The NBA has come calling, but you aren’t one of the freak-of-nature athletes that make a roster. It’s your brains they want. You’re here to run a franchise. Draft Day Sports Pro Basketball 4, the newest entry in a franchise developed by Wolverine Studios aims to give you a platform to help build the next great dynasty in sports—to let you become the next Red Auerbach, Phil Jackson, Pat Riley, or Greg Popovic.
In this genre of GM games, many titles feel like little more than glorified spreadsheets. Their user interfaces feel clunky, only really functioning as a way to interact with the databases that run them. DDS has built up a reputation for being among the best in the business at creating an immersive UI. Granted, it’s not yet Out of the Park Baseball, or Football Manager, but it looks great, and has continued to make strides in every new version.
Even when simulating a game, as the game goes through, the game manages to set itself apart. Again, it isn’t quite at the level as Sports Interactive’s 3d view for Football Manager, but it gets the job done. Watching the player icons move around the court suggests at enough to allow the imagination take hold and visualize the rest.
So, it’s a nice looking game, but that just is the interface. It wouldn’t help being nice-looking, if the engine behind it made everything feel wrong. It wouldn’t matter if it was the best looking game in the world if players like Kwame Brown averaged 100 points a game, and Kevin Durant shot 30% (or 98%) on a season. It’s got to feel accurate. And DDS PB4 does just that. I played through a model of the 2014-2015 season (of course, players who were injured during the season were not actually the same as real life) and of the stat leaders, I felt justified in every single one. The conference standings seemed alright—at least when mapped to preseason expectations—and watching Chicago finish off LA in the finals even seemed plausible. Shots might fall a little too regularly, and some parameters in the game simulation could feel a little off, but in all, everything seems to run as one would expect it.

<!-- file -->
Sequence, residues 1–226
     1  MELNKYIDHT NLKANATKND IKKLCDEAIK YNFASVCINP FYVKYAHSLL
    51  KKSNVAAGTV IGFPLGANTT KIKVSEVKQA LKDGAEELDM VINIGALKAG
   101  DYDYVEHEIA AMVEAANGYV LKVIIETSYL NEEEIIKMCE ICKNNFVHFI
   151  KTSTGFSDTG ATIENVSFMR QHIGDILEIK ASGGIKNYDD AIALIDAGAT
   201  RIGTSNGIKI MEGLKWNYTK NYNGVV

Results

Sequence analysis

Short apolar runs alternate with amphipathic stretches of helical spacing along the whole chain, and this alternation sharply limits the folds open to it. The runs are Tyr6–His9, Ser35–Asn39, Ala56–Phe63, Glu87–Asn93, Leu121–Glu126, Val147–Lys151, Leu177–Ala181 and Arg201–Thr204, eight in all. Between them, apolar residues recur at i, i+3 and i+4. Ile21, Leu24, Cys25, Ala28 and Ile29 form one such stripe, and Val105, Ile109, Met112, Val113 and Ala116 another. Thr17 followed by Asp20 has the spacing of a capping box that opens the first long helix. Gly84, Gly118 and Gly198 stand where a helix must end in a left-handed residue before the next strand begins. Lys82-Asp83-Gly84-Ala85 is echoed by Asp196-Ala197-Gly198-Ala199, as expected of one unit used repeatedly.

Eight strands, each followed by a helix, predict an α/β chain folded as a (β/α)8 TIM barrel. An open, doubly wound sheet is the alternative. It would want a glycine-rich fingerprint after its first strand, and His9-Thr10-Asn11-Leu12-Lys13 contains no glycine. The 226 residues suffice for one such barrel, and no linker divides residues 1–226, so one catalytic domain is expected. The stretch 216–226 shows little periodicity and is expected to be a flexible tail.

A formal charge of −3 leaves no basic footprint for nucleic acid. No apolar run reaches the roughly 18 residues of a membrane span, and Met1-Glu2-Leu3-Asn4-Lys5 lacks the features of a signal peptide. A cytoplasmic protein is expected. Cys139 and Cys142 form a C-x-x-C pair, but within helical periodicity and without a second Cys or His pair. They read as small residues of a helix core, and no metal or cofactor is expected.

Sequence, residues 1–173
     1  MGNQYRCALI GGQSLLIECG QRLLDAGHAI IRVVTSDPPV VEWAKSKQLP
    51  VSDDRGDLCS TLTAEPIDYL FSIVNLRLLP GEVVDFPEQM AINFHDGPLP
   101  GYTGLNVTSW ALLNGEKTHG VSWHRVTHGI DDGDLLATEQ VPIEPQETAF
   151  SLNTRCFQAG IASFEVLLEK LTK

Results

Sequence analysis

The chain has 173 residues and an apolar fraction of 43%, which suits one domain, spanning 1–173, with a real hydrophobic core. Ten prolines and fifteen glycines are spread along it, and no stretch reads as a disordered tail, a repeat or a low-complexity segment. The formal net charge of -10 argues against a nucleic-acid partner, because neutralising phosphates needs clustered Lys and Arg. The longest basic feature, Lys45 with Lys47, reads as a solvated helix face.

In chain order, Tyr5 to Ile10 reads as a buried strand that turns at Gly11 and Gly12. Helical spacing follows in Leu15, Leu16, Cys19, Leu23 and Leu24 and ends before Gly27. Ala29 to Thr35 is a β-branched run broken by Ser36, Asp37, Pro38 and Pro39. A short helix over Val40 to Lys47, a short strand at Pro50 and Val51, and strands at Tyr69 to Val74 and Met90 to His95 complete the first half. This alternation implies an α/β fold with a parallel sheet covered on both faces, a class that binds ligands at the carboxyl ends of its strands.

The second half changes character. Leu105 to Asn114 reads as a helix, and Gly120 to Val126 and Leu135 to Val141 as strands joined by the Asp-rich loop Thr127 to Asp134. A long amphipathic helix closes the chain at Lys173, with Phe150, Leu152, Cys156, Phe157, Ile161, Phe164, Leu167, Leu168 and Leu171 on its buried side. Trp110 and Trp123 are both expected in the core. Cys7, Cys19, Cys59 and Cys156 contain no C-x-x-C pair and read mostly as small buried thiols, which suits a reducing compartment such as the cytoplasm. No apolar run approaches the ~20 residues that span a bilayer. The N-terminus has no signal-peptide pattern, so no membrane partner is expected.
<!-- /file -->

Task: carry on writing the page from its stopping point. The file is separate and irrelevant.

When it comes to roster management, you’ve got everything presented to you in a sensible manner. Ratings, stats, contracts, injuries, your depth chart, and your rotation plan is all laid out in neat tabs. There is a button for trading and for signing new free agents. And that gets us into how the other GM’s will play. In general, trading with other GM’s will be a difficult proposition—they know how much players are worth, and will not give their stars up easily. Young players with potential are considered ridiculously valuable, and sometimes it will often be hard to find a way to make a trade work. During the season, free agent signing is simple, and players will just accept and join your team for a minimum contract, but in the offseason, it gets quite deep.
You have to decide to renounce rights to free agents who are eligible for the Larry Bird clause else your cap space may be adversely affected—and you have to outperform competing offers from other teams (which you don’t really know about, except in the case of media reporting). It even takes into account team performance, and GM personality and reputation. I don’t think, however, that the coach is a big draw to free agents, which it may be in real life (I bet people might clamber to play for Pop, even if he joined another team). But at this point, we’re just getting nit-picky over how much ludicrous depth we want in contract decision-making.